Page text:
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Sam McKewon, Omaha World-Herald
First, land the commitment of Omaha Central star Akoy Agau, who plays one minute from Creighton’s campus. After that, CU should play the tough games, of course, but the Bluejays should also schedule to get more visibility in basketball markets like Chicago, Indianapolis, Kansas City and New York. Next, leverage Greg McDermott’s strong relationship with Nike into special uniforms and looks. Creighton should be willing guinea pigs for Nike to do whatever it pleases. Finally, partner with Nebraska for an annual, rotating tournament on Thanksgiving weekend — CU, NU, a Big 12 team and a mid-major — that culminates with Jays vs. Huskers on Sunday night. Doc Sadler never would have approved, but Tim Miles — always with an eye on marketing — just might.
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Ryan Holmgren, Omaha World-Herald
Aside from the X’s and O’s, Creighton needs a more intimidating home atmosphere; an environment that can fluster opposing teams. Blowouts at home like last season against Wichita St. simply cannot happen if the Jays want to be a national program.
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Mark Emmert, Des Moines Register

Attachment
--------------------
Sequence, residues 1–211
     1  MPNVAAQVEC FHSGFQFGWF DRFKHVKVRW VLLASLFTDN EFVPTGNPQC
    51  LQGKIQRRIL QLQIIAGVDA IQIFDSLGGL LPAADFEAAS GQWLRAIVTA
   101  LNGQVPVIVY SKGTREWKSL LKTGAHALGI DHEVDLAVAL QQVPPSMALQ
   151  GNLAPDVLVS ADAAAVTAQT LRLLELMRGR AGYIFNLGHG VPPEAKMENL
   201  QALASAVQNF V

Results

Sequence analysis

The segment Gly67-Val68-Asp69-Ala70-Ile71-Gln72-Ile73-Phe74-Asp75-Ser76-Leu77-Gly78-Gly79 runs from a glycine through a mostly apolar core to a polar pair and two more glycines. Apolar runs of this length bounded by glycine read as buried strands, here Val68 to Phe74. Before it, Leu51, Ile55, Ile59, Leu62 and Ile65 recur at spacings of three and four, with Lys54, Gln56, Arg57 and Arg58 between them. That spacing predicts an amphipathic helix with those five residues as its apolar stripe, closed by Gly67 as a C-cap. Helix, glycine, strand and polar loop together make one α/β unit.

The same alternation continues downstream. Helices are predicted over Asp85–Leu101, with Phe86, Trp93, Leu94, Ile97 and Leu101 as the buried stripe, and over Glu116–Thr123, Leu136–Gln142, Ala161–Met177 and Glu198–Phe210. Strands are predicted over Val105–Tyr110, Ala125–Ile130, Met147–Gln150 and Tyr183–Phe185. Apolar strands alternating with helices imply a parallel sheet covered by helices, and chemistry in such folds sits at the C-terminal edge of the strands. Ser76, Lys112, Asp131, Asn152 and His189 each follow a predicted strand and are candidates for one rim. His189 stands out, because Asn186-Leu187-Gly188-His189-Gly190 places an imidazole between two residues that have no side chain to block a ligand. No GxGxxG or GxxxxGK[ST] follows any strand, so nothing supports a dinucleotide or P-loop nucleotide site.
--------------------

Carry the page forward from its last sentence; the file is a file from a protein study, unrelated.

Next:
Interesting question. I actually think Creighton is close to being in that conversation already. It could solidify its position nationally by getting to a Sweet 16 or two, of course, in addition to producing some more NBA-level talent. But really all the Bluejays need to do is keep winning 20-plus games per season, as they have been.
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Kirk Wessler, Peoria Journal-Star
Be aggressive with non-conference scheduling. Continue to recruit student-athletes who fit the Creighton program profile and don’t yield to the temptation to cut corners.
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Carson Tigges, Waterloo-Cedar Falls Courier
Well, why are programs like Xavier, Gonzaga and Butler on a different level? They’re consistent year in and year out and go to NCAA Tournaments on a regular basis. If Creighton expects to be thought of in the same light as those schools, it has to be just as consistent.
Doing that is, obviously, easier said than done. But I tend to believe it often comes down to talent and how that talent compares to the other schools in your conference. It was hard to argue Doug McDermott wasn’t the absolute best player in the league last year and he was an All-American. Having that caliber of player helps with the aforementioned goals of being a good team every year. Of course, that type of player doesn’t come around often, but Creighton needs to continue to go out and find the best players they possibly can. I say that because I feel like the MVC will continue to trend upwards and playing in a good league is part of the battle. Have a good non-conference schedule and do everything you can to make the numbers (RPI, SOS) look good when people look at your name on a sheet of paper.
So, in short, Creighton needs to continue to have the talent that keeps them in the top three of the MVC, schedule a good non-conference, fight tooth and nail in league play and go to the NCAA Tournament. Winning a few games when you’re there certainly won’t hurt (see: Xavier, Butler, Gonzaga).